"RTS performed command and control of the RTS support for the mission from the ROC-H with a highly skilled government and contractor technical work force," he added. "The success of RTS was due to the dedicated efforts by the entire RTS team of professionals who worked tirelessly to ensure every detail of the mission was planned and rehearsed and that the instrumentation was upgraded and maintained appropriately to ensure success."
About six minutes after target launch, the ground-based interceptor was launched from Vandenberg Air Force Base, Calif. A three-stage booster rocket system propelled the interceptor's CE-II exoatmospheric kill vehicle, or EKV, into the target missile's projected trajectory in space. The kill vehicle maneuvered to the target, performed discrimination, and intercepted the threat warhead with "hit to kill" technology, using only the force of the direct collision between the interceptor and the target to pulverize the target warhead.
An operational crew of Soldiers from the 100th Missile Defense Bde., located at Schriever Air Force Base, Colo., remotely launched the interceptor.
As a subordinate unit of SMDC, the brigade is a multi-component (active component and Army National Guard) unit that operates the Ground-based Midcourse Defense fire control system, provides positive operational control of interceptors at Fort Greely, Alaska, and Vandenberg Air Force Base, and ensures the protective security of the Fort Greely missile defense complex.
"The recent Ground-based Midcourse Defense intercept test represents yet another important benchmark for the 100th Missile Defense Bde.," said Col. Edward E. Hildreth III, 100th MDB commander. "It reinforced key mission command functions supporting USNORTHCOM and confidence in the performance of our no-fail mission of defending the homeland against a limited ICBM attack."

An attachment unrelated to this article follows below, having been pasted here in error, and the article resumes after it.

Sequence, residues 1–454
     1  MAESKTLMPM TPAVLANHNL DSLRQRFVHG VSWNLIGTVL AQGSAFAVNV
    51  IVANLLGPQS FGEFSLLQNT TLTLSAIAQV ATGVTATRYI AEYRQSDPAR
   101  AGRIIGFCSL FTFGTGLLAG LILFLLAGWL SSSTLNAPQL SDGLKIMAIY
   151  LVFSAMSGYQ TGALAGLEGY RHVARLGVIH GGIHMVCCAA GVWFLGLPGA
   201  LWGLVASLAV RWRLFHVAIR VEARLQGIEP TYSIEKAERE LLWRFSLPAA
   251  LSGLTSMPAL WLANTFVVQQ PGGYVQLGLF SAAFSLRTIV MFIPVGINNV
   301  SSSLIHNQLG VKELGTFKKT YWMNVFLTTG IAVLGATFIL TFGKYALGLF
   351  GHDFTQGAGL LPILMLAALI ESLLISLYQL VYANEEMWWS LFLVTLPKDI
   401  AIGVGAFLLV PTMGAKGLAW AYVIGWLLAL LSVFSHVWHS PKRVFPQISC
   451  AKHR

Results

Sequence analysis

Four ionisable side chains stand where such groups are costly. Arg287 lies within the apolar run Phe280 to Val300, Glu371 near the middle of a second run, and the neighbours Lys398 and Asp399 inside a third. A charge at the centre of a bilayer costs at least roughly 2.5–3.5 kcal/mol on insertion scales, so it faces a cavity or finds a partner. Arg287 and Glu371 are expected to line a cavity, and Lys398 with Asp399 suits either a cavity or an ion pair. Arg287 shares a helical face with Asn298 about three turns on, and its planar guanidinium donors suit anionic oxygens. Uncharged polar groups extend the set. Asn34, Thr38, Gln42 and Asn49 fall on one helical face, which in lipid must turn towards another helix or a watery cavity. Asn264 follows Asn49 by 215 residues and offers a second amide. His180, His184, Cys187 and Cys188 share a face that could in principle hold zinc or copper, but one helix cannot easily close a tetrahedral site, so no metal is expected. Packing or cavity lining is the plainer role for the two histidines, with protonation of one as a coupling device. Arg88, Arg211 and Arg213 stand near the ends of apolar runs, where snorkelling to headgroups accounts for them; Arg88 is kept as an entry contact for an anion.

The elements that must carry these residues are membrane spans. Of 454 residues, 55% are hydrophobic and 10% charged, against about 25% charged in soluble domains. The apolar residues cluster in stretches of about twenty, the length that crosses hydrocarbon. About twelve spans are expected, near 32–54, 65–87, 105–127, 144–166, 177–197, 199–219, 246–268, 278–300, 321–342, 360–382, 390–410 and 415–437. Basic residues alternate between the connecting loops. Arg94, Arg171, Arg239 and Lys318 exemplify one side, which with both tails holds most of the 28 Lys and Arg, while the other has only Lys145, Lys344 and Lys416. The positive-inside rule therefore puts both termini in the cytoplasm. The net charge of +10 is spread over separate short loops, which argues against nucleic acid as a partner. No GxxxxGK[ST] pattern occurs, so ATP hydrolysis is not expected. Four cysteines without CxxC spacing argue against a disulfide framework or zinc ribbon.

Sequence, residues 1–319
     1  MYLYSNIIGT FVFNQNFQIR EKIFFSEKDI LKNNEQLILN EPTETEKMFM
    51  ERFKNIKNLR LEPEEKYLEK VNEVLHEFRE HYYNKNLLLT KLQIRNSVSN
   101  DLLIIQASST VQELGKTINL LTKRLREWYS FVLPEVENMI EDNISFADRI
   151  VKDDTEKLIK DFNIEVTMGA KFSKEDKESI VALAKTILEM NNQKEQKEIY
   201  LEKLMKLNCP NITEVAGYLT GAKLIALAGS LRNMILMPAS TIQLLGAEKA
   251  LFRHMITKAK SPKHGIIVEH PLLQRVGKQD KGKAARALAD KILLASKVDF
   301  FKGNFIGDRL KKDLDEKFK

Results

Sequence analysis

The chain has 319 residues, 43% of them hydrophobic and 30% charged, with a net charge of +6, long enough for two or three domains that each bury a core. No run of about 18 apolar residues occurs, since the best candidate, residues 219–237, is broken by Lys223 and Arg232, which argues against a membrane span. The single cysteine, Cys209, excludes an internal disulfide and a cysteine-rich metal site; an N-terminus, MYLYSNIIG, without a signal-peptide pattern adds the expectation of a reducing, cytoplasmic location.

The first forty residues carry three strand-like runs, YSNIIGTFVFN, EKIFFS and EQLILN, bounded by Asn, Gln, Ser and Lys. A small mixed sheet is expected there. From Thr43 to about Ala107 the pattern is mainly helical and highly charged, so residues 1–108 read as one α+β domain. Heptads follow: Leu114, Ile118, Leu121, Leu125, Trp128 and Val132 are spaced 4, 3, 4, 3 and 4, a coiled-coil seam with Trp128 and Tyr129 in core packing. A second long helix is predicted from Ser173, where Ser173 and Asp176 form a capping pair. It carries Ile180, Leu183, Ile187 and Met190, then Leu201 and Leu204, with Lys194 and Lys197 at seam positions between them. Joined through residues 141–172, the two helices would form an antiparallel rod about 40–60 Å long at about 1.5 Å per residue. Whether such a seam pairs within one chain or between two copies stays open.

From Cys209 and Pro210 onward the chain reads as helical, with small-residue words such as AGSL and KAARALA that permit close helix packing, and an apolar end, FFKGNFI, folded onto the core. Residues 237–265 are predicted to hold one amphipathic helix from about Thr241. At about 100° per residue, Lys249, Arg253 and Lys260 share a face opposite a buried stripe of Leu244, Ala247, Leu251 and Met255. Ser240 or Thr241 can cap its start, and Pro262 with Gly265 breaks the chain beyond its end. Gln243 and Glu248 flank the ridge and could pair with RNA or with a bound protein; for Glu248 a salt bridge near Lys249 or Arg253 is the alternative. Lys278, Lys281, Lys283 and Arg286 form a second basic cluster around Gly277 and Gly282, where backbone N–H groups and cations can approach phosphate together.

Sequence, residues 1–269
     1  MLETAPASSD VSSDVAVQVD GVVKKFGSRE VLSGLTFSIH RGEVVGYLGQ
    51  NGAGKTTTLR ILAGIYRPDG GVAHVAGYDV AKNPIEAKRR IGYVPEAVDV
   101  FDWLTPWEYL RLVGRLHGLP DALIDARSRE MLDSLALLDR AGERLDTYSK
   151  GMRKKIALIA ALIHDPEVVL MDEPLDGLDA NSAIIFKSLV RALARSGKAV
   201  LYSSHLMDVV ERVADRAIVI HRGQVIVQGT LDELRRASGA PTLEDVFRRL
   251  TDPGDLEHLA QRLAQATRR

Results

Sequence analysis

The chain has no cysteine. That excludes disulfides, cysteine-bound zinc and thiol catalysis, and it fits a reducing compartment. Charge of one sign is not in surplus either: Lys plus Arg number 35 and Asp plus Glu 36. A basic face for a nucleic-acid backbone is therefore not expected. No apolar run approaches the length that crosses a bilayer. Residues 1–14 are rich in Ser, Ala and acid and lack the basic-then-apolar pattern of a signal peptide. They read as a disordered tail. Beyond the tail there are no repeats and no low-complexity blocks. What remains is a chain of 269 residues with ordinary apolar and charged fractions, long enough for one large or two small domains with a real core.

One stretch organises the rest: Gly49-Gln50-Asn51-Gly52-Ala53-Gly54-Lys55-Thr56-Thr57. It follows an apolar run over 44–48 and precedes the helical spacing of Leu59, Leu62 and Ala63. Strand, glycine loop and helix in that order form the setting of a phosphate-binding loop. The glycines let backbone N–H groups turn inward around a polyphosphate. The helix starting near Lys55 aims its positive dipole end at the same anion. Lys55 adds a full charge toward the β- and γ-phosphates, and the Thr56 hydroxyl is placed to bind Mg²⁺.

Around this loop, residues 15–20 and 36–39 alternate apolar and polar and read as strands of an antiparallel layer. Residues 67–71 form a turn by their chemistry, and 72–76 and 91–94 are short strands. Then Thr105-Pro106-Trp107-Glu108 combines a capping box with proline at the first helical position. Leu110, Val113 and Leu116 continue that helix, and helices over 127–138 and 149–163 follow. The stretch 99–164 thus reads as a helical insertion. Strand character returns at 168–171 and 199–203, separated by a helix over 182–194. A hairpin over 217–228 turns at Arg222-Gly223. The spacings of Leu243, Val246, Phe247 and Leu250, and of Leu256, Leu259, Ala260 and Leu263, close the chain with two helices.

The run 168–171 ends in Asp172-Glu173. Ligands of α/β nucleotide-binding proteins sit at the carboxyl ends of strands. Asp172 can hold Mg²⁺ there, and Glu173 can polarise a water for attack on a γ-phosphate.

The brigade Missile Defense Element, located at Schriever Air Force Base, is essentially the same as the Fire Direction Center at the 49th Missile Defense Battalion. The MDE and FDC are the locations where the GMD fire control workstations are located, thus that is where the missile defense crews are located.
During the flight test, the on-duty senior tactical director said, as one of 10 missile defense directors, he felt that every successful flight test builds confidence and trust with the interceptors they use to defend the nation against ballistic missile attack. It reaffirms that the GMD system is reliable and will ultimately enable them to accomplish their mission of protecting families, friends and fellow Americans.
The director said the skills his crew members possess, coupled with their close relationship with USNORTHCOM and the developmental community allows the unit to defend the nation 24/7/365 in perpetuity.
"I am extremely proud of our Missile Defense Element crews," Hildreth said. "The Charlie Crew senior tactical director and his Charlie crew performed flawlessly. Frankly, we could have plugged in any one of our five MDE crews to support the test and we would have achieved the same results. It is a testimony to their collective crew skills and readiness."